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The exhibition at Thyseen-Bornemisza Museum offers an artistic dialogue between two leading figures of the avant-garde movement by the end of the XIX century and the beginning of the XX century: Henri de Toulouse-Lautrec (1846-1901) and the Spanish artist Pablo Picasso (1881-1973). You can visit the exhibition from October 17, 2017 to January 21, 2018.
Picasso’s artistic career lasted 70 years, while Toulouse-Lautrec’s lasted only 15. Their paths were very different from each other, but they also had many similarities: they were both artistic geniuses from a very early age; they both felt an irresistible attraction towards Paris in their youth; and they both experimented with a formidable control of drawing, of freehand stroke. They never met. Picasso arrived to Paris in October 1900; Toulouse-Lautrec, already too sick, would pass away a year later.
The contrast between their works in this exhibition offers us the possibility to dig in our comprehension of contemporary artistic culture.
Toulouse-Lautrec’s staging of urban life and his radical modernism, just as his initiative of integrating high and low culture, had a decisive influence in the generation of artists that followed. He was a mater in the art of drawing and line. Through caricature, the parody and the exaggeration revolutionized the artistic language of the time and opened the doors to modern portrait. In both, his paintings and his colorful posters, he left us an extraordinary repertoire of images representing the marginal environment and the frenetic nights at Montmartre.
He portrayed, like no other artist did, women of marginal life. Under his gaze, caricatured and melancholic at the same time, the brothels become intimate and everyday scenes. In his compositions, of shapes and poetic coloring, Toulouse-Lautrec changes the sordid world of the ladies of the night in the late-nineteenth-century Paris into something delicate and exquisite under his gentle gaze. The topics regarding eroticism and prostitution captivated the artist because they offered him the possibility of approaching nudity with a modern vision thanks to the disinhibited poses and movements of the women in those environments.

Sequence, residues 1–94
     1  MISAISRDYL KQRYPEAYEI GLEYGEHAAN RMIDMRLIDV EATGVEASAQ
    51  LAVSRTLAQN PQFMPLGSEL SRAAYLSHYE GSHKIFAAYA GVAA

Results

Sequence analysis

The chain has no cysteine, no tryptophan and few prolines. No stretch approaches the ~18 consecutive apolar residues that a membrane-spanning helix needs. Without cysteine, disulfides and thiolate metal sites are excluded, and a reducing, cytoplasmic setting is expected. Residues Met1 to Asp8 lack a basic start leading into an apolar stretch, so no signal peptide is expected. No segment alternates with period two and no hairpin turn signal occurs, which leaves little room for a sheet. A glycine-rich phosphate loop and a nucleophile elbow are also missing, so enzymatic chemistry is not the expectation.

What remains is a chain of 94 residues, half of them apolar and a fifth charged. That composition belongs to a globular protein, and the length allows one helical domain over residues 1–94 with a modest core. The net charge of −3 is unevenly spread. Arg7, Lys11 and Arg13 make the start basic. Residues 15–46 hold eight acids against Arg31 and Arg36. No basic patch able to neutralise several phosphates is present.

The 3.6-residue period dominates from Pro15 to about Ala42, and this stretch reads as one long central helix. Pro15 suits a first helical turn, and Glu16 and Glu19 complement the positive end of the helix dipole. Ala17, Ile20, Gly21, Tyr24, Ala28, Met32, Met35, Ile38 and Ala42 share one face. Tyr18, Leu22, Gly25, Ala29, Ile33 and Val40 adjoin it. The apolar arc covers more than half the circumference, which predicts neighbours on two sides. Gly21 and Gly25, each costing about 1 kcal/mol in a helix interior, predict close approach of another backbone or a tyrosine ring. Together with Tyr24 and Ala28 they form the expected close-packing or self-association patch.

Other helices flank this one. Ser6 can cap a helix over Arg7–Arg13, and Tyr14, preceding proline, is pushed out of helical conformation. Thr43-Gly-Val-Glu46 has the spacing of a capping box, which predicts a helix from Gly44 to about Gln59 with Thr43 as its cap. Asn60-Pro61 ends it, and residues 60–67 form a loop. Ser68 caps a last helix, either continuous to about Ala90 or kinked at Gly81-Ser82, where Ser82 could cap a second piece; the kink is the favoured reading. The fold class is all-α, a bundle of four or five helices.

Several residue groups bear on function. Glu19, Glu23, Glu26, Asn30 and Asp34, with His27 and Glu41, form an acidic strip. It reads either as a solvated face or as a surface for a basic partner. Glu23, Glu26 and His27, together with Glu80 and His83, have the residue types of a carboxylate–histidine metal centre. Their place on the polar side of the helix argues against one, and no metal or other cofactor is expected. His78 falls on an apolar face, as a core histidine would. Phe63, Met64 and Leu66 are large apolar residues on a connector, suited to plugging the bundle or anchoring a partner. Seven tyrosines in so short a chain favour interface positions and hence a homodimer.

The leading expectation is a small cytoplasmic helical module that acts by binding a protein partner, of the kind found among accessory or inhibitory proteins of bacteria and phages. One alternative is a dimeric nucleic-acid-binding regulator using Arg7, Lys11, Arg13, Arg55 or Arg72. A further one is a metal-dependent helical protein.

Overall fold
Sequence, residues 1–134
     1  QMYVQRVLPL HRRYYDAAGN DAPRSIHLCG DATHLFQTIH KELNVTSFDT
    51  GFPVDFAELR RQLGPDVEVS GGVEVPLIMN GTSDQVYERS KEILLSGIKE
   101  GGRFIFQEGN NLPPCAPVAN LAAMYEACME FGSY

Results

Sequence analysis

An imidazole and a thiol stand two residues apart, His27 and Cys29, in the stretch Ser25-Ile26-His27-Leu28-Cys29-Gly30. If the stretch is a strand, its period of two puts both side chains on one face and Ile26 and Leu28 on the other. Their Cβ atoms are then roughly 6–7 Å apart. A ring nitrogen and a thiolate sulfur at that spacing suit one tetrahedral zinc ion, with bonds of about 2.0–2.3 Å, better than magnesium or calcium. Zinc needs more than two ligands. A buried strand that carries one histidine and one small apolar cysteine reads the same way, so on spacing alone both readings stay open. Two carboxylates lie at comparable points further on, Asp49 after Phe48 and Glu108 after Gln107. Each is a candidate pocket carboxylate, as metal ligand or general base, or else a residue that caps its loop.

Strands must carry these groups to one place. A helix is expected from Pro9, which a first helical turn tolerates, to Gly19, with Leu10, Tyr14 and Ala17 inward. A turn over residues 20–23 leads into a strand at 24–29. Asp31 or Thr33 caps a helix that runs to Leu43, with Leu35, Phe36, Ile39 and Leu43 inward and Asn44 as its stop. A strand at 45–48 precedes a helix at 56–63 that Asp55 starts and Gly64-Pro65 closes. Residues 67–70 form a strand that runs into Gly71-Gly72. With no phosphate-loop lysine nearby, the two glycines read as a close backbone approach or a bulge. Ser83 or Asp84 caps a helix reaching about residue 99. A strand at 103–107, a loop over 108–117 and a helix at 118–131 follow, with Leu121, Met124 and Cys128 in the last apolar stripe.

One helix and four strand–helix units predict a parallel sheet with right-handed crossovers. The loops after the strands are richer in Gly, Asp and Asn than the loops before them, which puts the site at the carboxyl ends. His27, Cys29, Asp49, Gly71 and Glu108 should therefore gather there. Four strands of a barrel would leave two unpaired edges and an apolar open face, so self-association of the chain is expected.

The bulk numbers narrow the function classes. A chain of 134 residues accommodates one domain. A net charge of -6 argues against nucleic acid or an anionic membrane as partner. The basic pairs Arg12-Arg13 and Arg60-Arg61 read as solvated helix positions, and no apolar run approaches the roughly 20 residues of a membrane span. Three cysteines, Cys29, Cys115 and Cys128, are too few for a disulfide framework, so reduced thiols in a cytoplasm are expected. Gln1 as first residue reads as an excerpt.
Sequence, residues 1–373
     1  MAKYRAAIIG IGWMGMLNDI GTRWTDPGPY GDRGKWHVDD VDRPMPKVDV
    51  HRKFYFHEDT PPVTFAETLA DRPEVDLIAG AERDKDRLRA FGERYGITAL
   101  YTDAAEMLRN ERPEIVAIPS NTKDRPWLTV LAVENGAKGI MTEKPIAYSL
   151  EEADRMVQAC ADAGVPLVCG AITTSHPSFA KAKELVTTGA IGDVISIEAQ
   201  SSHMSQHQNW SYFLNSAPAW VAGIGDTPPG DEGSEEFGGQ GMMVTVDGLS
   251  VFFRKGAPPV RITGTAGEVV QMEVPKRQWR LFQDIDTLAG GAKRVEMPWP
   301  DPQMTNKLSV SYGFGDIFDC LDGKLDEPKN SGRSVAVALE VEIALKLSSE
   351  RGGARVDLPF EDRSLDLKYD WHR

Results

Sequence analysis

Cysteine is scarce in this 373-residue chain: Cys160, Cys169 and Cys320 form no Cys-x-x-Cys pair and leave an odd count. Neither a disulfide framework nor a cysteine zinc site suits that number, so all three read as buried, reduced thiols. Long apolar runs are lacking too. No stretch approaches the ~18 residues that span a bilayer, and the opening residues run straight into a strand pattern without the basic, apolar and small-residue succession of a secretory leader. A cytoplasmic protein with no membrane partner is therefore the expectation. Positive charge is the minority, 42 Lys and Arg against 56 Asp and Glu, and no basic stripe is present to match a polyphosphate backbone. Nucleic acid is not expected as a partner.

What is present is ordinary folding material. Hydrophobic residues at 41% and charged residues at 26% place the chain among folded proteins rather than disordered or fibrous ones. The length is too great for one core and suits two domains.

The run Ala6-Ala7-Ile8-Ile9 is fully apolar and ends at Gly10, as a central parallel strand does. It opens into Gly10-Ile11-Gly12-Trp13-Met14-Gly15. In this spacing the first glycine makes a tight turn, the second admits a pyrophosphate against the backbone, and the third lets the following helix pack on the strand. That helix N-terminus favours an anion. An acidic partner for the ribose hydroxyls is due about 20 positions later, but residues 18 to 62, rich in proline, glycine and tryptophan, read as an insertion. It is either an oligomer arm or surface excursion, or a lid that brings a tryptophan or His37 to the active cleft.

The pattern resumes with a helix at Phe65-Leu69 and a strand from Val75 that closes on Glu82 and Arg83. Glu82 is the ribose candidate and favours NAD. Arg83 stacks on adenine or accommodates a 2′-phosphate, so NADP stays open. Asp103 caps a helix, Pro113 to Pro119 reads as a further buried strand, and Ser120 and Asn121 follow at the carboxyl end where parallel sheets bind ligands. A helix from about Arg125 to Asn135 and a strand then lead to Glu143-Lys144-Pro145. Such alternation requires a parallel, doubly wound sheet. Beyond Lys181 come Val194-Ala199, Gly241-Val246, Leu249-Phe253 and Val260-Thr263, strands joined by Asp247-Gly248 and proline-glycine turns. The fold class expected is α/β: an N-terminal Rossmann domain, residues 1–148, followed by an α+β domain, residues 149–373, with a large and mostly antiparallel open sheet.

In the exhibition, along with Toulouse-Lautrec’s posters and paintings, we see pictures of Can-Can dancers. There is, for example, an advertising poster drawn by Toulouse-Lautrec which announces, with large print, that Jane Avril will dance in the Paris Garden and beside it there’s an autographed photo of the beautiful ballerina in which she is lifting a leg with the same gesture with which she appears in the poster. At this time, painters started to lean on photography as a tool to study poses and postures that incited them to study movement. By 1978, Eadweard Muybridge photographed The Horse in Motion, a series of photographs where the legs of a galloping mare were recorded in unpublished positions.
Picasso, the most restless and revolutionary artists of the XX century, extremely perfected the skills he received from the prior masters. Picasso used to say artists must copy great artists. Picasso absorbed and gobbled up everything that was artistically happening around him. What stimulated him was trying to imitate the avant-garde artists to end up doing the same they did, but much better. Every experiment Picasso began just with the goal to imitate lead him to work until he established foundational ideas about art.
In that process, “hunting the being”, as Oteiza said, was essential for Picasso. During his experimentation he raved, transgressed, got lost, and found something new due to his great control of his references, both classic and unconventional. He experimented with great confidence, since he knew he had a penetrating sight, much trained, that he freed from prejudice in Paris. Picasso had traveled to Paris, art and intellectuality metropolis, where he at first imitated Toulouse-Lautrec’s style. The French painter by that time was well-known; he was very famous. Picasso said, I also draw, I’m also Toulouse-Lautrec, I can also make a living out of selling my posters and paintings. Picasso painted posters and advertising drawings that could be easily sold, with very shocking and iconic images of synthesized motion that hooked the spectator with his work.
Picasso’s and Toulouse-Lautrec’s Artistic Dialogue